It’s widely reported that we are a sleep-deprived society where only about half of the population is getting adequate sleep. This is becoming a significant problem in our communities because sleep deprivation can impact our economy, in addition to our overall health and safety.
The European Society of Cardiology just reported on a study of people that consistently led a healthy lifestyle and who were not smokers, regularly exercised, ate a healthy diet and limited their alcohol consumption. As expected, they had a lower risk of heart disease and even more importantly a lower risk of a fatal event linked to a heart condition.
What made the study even more interesting is they included good sleeping habits and were encouraged when the same risks lowered significantly. Those that included the fifth healthy lifestyle habit of sleep had a 65% lower risk of cardiovascular disease up from 57% and an 83% lower risk of fatal events, up from 67%.
The study concluded that proper sleep is as impactful on our heart health as giving up smoking. So it seems appropriate to say that sleep can indeed save your life. In case there is any doubt, here are three reasons why sleeping in could save your life.
3 Reasons Sleeping In Can Save Your Life:
Sleep Affects Your Ability to Focus
When we continue to deprive ourselves of sleep, it becomes harder to remember things, our thoughts become more muddled, and it takes longer to process information and make decisions.
Think about the burden a delay in processing information and making decisions can have. It can impact everything from driving to operating machinery and even influence more extreme situations like reacting to a fire. These are situations where even a few seconds if inaction can change the outcome.
There are some studies that show driving while tired is as dangerous and driving drunk.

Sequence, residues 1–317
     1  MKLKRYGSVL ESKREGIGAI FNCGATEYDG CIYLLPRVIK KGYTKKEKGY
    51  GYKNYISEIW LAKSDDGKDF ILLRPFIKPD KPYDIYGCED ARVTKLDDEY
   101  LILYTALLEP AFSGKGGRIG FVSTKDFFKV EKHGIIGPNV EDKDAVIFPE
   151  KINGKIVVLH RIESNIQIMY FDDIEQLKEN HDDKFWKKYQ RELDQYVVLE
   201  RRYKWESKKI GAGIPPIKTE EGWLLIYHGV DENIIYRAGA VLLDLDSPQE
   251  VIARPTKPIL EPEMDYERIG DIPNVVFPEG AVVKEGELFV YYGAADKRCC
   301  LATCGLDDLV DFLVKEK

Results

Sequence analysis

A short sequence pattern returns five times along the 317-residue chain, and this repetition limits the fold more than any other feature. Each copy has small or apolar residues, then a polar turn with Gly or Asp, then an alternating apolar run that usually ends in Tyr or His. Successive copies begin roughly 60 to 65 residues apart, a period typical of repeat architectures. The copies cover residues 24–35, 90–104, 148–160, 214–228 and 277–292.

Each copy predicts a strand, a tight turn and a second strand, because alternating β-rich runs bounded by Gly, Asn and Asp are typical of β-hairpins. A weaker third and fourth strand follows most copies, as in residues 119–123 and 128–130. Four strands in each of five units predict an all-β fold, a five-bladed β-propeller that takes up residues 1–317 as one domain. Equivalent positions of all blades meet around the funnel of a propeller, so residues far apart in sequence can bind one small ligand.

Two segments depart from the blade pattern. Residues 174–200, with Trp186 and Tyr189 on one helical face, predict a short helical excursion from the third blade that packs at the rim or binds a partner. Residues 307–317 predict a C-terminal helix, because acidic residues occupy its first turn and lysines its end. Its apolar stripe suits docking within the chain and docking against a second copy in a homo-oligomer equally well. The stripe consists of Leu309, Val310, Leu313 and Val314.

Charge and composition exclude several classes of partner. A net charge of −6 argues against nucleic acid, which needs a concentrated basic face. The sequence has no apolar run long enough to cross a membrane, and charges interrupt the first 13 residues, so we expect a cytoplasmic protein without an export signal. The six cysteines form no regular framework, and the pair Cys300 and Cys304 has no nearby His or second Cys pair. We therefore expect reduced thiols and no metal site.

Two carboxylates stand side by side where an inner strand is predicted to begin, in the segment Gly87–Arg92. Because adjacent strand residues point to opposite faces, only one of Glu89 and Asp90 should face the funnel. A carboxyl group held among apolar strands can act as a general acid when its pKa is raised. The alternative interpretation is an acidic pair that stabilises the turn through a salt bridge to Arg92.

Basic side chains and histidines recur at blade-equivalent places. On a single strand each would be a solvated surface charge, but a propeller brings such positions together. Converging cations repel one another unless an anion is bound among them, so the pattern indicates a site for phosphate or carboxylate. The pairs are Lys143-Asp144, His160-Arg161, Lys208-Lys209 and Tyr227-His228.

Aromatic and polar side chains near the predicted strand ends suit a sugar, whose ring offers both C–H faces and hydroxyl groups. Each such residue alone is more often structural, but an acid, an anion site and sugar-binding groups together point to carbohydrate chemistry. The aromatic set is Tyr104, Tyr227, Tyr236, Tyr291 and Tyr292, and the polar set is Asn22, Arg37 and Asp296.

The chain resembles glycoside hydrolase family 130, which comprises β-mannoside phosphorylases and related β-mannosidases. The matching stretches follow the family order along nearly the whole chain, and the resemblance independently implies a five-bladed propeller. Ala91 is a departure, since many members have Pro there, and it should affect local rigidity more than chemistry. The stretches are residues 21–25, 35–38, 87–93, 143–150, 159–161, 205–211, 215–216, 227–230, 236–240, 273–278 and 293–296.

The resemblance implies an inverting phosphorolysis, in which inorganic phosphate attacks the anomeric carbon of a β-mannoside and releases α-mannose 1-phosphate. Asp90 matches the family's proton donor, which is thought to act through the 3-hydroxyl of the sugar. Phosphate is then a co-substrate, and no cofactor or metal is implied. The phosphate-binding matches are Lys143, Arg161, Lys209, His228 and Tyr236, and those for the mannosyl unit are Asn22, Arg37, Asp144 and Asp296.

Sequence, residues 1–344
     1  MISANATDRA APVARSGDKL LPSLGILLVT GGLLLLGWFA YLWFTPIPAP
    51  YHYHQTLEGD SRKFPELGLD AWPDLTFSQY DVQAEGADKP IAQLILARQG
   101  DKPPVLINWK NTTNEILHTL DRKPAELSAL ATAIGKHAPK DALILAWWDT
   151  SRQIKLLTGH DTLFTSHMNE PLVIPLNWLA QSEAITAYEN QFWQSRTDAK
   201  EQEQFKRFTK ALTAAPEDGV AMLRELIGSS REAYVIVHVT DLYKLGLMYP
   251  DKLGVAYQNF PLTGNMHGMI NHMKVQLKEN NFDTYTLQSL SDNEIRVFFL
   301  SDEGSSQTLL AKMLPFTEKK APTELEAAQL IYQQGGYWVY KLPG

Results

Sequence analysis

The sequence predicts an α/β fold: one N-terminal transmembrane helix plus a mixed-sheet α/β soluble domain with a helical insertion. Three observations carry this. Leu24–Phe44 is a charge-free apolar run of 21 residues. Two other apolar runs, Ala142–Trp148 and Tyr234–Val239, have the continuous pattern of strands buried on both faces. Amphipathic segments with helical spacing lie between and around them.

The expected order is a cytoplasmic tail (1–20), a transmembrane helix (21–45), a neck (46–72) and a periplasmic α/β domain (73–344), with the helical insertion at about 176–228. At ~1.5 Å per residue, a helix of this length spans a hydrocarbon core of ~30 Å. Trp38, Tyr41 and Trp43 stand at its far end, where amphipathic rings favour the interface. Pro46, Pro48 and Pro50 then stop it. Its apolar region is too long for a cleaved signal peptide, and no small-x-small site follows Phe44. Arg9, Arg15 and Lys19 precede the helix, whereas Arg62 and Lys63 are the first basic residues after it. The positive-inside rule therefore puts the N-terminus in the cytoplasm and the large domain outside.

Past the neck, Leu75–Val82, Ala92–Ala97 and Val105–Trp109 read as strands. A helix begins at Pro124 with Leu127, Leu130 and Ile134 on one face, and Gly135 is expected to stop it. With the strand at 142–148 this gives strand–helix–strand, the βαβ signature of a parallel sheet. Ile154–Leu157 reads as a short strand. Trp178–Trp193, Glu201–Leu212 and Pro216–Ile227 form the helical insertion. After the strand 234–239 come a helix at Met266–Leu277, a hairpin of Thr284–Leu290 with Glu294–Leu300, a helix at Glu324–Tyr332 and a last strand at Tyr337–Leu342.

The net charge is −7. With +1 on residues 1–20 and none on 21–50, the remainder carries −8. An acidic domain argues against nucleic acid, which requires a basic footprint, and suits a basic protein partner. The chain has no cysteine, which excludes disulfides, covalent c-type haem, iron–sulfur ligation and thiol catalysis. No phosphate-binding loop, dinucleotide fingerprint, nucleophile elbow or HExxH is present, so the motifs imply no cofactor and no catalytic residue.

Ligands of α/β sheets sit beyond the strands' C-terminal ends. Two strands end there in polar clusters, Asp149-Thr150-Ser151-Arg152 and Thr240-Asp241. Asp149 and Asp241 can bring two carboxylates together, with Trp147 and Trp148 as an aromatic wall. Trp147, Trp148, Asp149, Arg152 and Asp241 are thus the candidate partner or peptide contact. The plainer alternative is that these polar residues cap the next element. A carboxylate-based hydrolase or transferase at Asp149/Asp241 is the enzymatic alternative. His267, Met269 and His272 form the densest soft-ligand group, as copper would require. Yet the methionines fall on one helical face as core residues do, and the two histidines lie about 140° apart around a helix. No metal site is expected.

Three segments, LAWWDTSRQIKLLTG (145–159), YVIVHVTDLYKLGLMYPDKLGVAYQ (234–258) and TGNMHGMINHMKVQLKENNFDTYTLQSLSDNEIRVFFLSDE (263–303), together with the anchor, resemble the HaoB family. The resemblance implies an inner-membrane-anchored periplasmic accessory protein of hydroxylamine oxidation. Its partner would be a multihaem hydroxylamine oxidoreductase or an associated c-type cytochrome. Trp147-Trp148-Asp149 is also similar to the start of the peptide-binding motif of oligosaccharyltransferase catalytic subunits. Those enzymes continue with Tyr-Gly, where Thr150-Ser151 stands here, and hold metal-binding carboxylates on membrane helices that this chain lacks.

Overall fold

Let that sink in for a minute.
According to the CDC, there are around 6,000 fatalities each year attributed to traffic accidents involving a sleep-deprived driver. That right there is 6,000 reasons when enough sleep could have saved a life.
Sleep Affects Your Mood
We have all experienced a moody morning after a less than good night’s sleep. Well, there are studies to prove what we already know that lack of sleep can make us more irritable, stressed and anxious.
The study also shows that once someone gets adequate sleep again, their mood is significantly improved.
So how does our mood save our life? Well, chronic sleep deprivation can cause or increase depression and depression can lead to poor choices made out of desperation. Those choices can have a huge impact on life.
Depression can also affect our overall health by compromising the immune system and attacking heart health. In fact, depressed people are three times more likely to experience a life-threatening cardiac event than people who are not depressed.
This isn’t to say that all people suffering from sleep-deprivation will become depressed, but it is fair to say that it negatively affects our mood. And our mood affects the decisions we make.
Sleep Affects Your Lifespan
Many experts claim that our brain and our body recover and recharge while we sleep. Of course, we know that our body requires sleep and, in fact, our body prepares for it each day. When we listen to our body and sleep when it tells us to, we are allowing our body to do what it does best, optimize our bodily functions, cardiovascular systems, and hormone levels.
There are approximately 50-70 million Americans that are not getting adequate sleep every night, and it can affect these important functions. When our bodily functions decrease in efficiency, our lifespan shrinks, and it certainly contributes to the quality of life as we get older.
But what is adequate sleep? Well, of course, it differs by the person, and it differs by stage of life. The mistake most of us make is thinking we need less sleep when we are older. The opposite is true. Research shows that elders who sleep nine or more hours a night are more vital, active, and live longer.
Of course, the natural aging process can hinder our sleep because our melatonin levels decrease as we age. There are natural remedies that can help. The important message here is to not assume you don’t need sleep; you do. If you aren’t sleeping, then investigate the reasons.
When we are busy, often the first thing that suffers is our sleep. We often think that sleep is a luxury and that giving up a few hours of this precious commodity will benefit us because we can get more done. Hopefully, this article has proven sleep is not a luxury.
It’s important to stop ignoring how poor sleep impacts our bodies, our mood, and our overall health. It is an important risk factor and should be taken seriously. While this may sound dramatic, it can be a matter of life and death.